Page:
Thorsten Heins, president and CEO of troubled BlackBerry-maker RIM, yesterday told shareholders that “I am not satisfied with the performance of the company over the past year”, as he talked through his efforts to transform it into “the real nimble, lean, mean hunting machine that I want RIM to be”.
Noting support from investors, Heins (pictured) said: “we understand that it is not unanimous. We recognise that this is a difficult period for our shareholders, and that many of you are frustrated with the time it is taking to make our way through this transition”.
Addressing the company’s annual shareholder meeting, the executive said that RIM is “pursuing a plan that ensures the BlackBerry 10 platform gets launched, and we are running in parallel a comprehensive review of RIM’s operational and strategic opportunities”.
Heins acknowledged that the company’s most recent results showed “a disappointing quarter following a difficult year,” with weakness in markets such as the US, Canada and the UK reflecting “the competitive nature of the global smartphone market and the impact associated with the platform and product transition we are going through right now”.
With regard to the recently announced delays to the BlackBerry 10 platform, he said that “I will not deliver a product or platform to market that is not ready to meet the needs of our customers or provide anything less than an outstanding user experience with the quality I expect the BlackBerry platform to have. As I have said before, there will be no compromise on this issue”.
The executive also said that many of its operator partners “actually prefer a Q1  launch, as many of the new LTE networks will be operating by this point”. With regard to operator sentiment toward the new OS, he noted: “In all of the discussions I am having with major CEOs from carriers and the major executive management of carriers, they all embrace BlackBerry, because we have an installed base with them, they want to protect this installed base, and they want to grow this installed base.”
Stating that RIM “owns the physical QWERTY keypad experience” on mobile devices, Heins confirmed that a BlackBerry 10-powered device with keypad will follow “immediately” after the launch of the first, touch-screen unit, slated for early in 2013. He acknowledged that RIM is currently “not as competitive in the full touch segment”, meaning the company has lost out to rival devices powered by iOS and Android, coupled with the growth of “bring your own device” in the enterprise.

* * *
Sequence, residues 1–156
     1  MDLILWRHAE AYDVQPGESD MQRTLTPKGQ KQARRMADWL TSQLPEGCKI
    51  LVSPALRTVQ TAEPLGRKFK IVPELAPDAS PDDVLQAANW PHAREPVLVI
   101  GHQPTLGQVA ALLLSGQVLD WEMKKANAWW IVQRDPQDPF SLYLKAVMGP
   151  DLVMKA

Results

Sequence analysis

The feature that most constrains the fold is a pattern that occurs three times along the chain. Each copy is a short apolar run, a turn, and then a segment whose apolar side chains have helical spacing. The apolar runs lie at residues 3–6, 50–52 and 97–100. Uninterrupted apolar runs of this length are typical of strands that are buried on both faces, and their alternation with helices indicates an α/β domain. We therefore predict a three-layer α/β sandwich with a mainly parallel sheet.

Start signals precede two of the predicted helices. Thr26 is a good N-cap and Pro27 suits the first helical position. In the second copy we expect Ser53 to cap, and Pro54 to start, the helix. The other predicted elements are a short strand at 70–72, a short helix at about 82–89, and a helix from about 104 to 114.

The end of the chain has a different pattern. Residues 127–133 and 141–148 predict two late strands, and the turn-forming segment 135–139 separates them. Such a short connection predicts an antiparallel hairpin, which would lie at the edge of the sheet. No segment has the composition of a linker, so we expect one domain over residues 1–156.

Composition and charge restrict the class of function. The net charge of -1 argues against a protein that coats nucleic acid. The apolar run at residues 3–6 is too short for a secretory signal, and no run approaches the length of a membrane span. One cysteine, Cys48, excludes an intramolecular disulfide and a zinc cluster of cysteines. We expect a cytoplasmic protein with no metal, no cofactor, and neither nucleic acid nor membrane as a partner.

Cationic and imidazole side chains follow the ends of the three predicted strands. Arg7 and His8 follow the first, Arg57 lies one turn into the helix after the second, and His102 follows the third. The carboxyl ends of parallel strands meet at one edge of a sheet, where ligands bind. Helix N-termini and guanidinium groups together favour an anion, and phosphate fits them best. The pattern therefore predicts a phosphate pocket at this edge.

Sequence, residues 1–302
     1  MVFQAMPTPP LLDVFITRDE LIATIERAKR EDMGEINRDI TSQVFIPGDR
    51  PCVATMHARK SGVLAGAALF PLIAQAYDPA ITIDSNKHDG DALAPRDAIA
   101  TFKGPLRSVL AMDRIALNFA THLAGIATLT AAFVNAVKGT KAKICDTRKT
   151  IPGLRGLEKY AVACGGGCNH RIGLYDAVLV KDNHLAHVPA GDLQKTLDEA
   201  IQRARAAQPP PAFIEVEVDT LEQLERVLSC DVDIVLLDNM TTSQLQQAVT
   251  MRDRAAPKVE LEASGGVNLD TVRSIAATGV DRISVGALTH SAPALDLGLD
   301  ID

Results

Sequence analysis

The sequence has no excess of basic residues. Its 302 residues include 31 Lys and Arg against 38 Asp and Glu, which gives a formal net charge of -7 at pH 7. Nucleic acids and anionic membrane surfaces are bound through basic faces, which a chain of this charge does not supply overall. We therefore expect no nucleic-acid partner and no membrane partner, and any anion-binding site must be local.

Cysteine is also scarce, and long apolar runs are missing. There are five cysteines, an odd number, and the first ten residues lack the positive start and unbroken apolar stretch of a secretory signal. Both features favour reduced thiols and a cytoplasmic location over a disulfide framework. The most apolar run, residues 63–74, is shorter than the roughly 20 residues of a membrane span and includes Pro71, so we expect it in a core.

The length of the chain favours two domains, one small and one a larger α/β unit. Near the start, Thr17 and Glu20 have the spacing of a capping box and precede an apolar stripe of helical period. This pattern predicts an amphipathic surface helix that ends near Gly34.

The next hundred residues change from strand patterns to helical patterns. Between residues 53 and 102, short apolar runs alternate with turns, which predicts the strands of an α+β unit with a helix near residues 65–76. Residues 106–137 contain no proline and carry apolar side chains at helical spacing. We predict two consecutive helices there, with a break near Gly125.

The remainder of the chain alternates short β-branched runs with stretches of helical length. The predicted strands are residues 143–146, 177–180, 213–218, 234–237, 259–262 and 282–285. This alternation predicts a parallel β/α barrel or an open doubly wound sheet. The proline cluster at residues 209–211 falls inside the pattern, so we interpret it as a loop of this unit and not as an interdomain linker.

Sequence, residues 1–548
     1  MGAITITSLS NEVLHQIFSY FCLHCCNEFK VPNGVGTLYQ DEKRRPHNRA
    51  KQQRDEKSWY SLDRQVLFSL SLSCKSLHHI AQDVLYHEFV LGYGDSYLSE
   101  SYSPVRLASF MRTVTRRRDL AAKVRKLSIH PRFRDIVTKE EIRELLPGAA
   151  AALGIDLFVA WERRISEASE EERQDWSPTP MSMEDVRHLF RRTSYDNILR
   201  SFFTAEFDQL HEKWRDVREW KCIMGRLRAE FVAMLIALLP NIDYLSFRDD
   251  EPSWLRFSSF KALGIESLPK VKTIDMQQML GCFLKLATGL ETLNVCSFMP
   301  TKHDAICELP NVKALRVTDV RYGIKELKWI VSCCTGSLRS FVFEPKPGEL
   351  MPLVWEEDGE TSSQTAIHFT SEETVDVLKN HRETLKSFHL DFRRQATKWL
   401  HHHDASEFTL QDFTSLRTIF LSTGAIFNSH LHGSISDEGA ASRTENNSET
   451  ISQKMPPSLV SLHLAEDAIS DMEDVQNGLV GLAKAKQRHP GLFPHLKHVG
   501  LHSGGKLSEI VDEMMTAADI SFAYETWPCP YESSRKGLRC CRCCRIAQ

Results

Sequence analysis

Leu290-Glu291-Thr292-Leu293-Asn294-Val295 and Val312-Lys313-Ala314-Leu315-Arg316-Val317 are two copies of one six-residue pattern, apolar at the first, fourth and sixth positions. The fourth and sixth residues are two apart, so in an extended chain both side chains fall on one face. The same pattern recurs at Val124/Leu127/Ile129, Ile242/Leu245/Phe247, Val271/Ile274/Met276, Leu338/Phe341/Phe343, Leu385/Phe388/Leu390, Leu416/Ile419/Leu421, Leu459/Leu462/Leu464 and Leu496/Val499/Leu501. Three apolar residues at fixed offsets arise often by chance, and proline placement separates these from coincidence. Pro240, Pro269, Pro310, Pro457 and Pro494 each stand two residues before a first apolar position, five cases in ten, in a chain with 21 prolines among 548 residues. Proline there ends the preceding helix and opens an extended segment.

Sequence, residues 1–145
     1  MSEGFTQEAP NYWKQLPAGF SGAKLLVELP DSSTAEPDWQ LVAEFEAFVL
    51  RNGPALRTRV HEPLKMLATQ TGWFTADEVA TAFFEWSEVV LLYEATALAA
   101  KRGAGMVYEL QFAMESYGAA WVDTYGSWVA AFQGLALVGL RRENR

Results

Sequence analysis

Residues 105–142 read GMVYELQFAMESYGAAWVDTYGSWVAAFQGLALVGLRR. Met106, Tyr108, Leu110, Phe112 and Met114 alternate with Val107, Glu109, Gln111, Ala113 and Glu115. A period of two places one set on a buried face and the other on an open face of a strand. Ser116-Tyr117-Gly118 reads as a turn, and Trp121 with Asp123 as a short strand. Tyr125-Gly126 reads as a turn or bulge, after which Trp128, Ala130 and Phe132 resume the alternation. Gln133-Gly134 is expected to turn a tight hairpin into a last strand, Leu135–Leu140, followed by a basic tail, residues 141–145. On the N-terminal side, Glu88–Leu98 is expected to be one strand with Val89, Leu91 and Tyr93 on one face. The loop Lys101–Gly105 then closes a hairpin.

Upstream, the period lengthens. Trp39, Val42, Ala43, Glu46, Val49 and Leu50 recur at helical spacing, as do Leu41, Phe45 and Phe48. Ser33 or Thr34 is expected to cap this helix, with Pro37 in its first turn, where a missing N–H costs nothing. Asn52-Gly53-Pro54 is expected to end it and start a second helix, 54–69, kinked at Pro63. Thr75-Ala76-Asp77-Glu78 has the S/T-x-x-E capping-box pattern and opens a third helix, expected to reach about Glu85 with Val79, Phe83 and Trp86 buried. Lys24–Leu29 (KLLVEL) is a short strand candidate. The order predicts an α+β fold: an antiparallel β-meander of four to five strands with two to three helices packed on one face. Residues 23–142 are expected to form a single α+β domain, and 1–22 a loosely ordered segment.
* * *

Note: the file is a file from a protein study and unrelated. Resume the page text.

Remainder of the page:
In the meantime, the company is looking to “aggressively” drive sales of smartphones using its legacy BlackBerry 7 platform, with a focus on upgrading existing BlackBerry users and driving subscriber growth in fast-growing markets – but this strategy “will come at a cost”. It will “increase average selling price pressure, and pressure also on our monthly service revenue fees”.
Heins also said that RIM is planning to streamline its handset portfolio, focusing on having a smaller number of devices in the market at one time. This will enable it to reduce its development costs and marketing complexity, while increasing economies of scale.
With BlackBerry 10 targeting the “premium smartphone segment” at least initially, BlackBerry 7 will live on to address the entry level and mid-tier, until BB10 works its way through the portfolio.
While Heins said that the company is looking to develop its BBM platform to add features such as video chat, previously reported suggestions that it may be opened to third parties were played down. “We want to build on that strength, and we don’t want to share that strength. We believe this is something that is very unique to us, that is very, very strong in our portfolio, and we want to use this to build a BlackBerry-driven social networking platform”, he said.
Discussing the company’s CORE cost reduction programme, he said that this is “designed to bring cultural change to how we do things at RIM, which we believe will benefit the company for years to come”. Describing the planned 5,000 job cuts as “an incredibly difficult decision to make”, he said that this is “critical for our future”.